Kudzu is a vine that was imported to the United States from Asia many years ago, and it remains a steady feature of the southern landscape today. It was brought to our shores because people were drawn to its broad, shade-giving leaves and hardy nature.
And while kudzu’s green leaves provide plenty of relief from the sweltering southern sun, its vines, which can grow almost five feet in a day, offer something completely different and wholly harmful. Kudzu wraps around branches, climbs up trees, engulfs bushes, and even swallows up entire houses if left alone.
When I lived in Georgia, kudzu and I spent many hours battling in the backyard. As it tried to envelope and destroy my trees, I ripped at its vines and tore up its roots, despite the fact that the leaves themselves provided comfort from the sun. I had to be brutal with my foliaged foe in order to rescue everything else. Is this same kind of “courageous gardening” necessary to create great schools in the middle level?
Just as kudzu looks beautiful and appears to be helpful, there are programs in our schools that look and act the same way. They may be big events that we’ve always done because of long-held traditions. They may be celebrations we’ve always had because certain parents have always wanted them. They may be extensive field trips we repeat every year because we’ve just always done them.
The roots of these programs run deep. And while we all need events, celebrations, and field trips to keep us excited about learning, do they also take away from learning? Like kudzu, do they look beautiful but behave brutally—climbing through our schools and taking away vital time, resources, and attention?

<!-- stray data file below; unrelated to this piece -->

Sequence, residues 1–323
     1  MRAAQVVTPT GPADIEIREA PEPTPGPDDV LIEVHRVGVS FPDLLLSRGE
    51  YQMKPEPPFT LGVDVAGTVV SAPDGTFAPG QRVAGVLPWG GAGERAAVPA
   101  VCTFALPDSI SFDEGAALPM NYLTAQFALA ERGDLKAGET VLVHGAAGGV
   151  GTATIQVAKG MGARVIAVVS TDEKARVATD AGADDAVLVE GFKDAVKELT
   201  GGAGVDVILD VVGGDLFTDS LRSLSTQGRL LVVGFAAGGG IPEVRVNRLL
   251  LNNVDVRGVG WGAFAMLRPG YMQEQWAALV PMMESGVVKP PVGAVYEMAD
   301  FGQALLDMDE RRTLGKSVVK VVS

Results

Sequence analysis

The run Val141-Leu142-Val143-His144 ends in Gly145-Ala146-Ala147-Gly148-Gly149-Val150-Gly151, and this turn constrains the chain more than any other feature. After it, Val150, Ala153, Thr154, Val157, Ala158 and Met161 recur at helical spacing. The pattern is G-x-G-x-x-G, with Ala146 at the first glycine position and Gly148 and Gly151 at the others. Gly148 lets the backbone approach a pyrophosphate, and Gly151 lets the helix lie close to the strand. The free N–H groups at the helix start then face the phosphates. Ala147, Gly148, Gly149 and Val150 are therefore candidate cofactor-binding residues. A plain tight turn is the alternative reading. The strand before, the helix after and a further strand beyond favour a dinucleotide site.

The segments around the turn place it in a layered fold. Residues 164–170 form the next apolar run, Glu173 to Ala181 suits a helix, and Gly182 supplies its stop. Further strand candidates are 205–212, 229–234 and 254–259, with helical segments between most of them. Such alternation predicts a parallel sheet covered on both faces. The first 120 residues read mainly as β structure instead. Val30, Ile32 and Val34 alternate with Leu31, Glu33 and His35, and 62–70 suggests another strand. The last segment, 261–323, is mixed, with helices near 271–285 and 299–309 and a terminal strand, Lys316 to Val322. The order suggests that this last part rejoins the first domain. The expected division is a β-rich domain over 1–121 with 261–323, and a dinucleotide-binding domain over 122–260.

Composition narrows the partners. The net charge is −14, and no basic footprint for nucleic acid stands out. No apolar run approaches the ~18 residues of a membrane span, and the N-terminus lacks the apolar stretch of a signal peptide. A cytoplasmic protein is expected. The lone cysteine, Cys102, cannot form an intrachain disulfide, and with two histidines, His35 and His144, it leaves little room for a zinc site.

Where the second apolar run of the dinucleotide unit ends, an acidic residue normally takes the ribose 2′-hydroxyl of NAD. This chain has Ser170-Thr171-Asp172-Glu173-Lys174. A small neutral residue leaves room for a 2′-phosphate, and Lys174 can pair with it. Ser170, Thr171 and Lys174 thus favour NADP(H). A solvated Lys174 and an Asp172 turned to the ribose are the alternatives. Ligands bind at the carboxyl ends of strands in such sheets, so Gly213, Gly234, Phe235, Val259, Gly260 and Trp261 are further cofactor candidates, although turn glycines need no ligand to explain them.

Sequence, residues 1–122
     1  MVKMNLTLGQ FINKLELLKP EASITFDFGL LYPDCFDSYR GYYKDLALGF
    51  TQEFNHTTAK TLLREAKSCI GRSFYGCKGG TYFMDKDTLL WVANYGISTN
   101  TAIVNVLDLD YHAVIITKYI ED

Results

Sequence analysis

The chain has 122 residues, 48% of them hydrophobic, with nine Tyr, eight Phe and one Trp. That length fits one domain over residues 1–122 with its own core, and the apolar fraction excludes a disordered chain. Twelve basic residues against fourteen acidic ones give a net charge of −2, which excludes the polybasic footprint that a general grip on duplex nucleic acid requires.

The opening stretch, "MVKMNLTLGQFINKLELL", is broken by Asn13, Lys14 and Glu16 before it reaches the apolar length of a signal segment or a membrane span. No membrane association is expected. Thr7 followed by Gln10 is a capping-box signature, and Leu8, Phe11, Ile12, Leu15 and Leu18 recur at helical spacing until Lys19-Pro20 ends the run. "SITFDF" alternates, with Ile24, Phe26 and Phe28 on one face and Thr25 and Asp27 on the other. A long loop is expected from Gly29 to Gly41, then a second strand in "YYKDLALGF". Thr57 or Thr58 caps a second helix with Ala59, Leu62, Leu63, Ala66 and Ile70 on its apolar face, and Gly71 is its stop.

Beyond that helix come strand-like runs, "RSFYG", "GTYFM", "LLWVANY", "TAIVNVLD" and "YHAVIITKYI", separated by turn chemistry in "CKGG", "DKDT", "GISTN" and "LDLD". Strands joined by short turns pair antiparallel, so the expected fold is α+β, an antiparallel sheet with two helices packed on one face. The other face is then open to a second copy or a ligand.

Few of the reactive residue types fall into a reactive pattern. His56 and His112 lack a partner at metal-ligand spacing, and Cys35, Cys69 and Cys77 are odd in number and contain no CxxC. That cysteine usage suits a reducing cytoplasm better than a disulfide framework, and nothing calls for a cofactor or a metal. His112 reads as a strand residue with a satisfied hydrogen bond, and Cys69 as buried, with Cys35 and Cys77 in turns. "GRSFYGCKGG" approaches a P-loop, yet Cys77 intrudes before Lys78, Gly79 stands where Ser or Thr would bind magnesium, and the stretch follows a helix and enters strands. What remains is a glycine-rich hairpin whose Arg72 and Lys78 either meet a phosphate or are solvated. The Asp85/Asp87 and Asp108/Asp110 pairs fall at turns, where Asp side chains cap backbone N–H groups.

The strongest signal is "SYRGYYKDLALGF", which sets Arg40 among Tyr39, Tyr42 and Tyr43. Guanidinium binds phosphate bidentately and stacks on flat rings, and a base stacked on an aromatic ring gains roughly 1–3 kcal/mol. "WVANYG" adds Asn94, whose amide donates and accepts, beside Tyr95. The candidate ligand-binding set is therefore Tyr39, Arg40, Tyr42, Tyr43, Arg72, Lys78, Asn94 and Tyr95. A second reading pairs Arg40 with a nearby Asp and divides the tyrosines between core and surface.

To create sustained change in our schools, we as middle grades teachers and leaders need to be courageous, to look critically at these events and programs, and to do some essential “courageous gardening.” Examine the leaves. Check the vines. Boldly rip up the roots when necessary. And do all of this work collaboratively.
It takes a team to deal with kudzu because it grows quickly and vigorously. Therefore, doing this work begins by bringing together some important resources: your school’s vision/mission statement, strategic plan goals, school calendar, and leadership team. The vision/mission statement and strategic plan are two critical documents that should be guiding the growth of your school’s “garden.” Any program, initiative, or event should align with them before it is planted.
Likewise, your school calendar should be the looked upon as the garden plot for the year, and its “rows” should be filled with choices that promote and improve the educational lives of your students and teachers.
Finally, your leadership team should be your master gardeners, who should collectively decide what needs to be planted in the garden so every one in the school benefits. And their hands must be boldly and courageously in the work, so they can prune, shape and rip out any program that inhibits the overall health of the school no matter how beautiful it is on the surface or how long it has been a tradition.
So what are you planting in the garden of your school to improve the educational lives of your students and what are you willing to pull from its soil?
This We Believe Characteristics
- Educators value young adolescents and are prepared to teach them.
- A shared vision developed by all stakeholders guides every decision.
- Leaders demonstrate courage and collaboration.
- Leaders are committed to and knowledgeable about this age group, educational research, and best practices.
Cherished plants we know
With their roots running deeply
Courageous hands pull.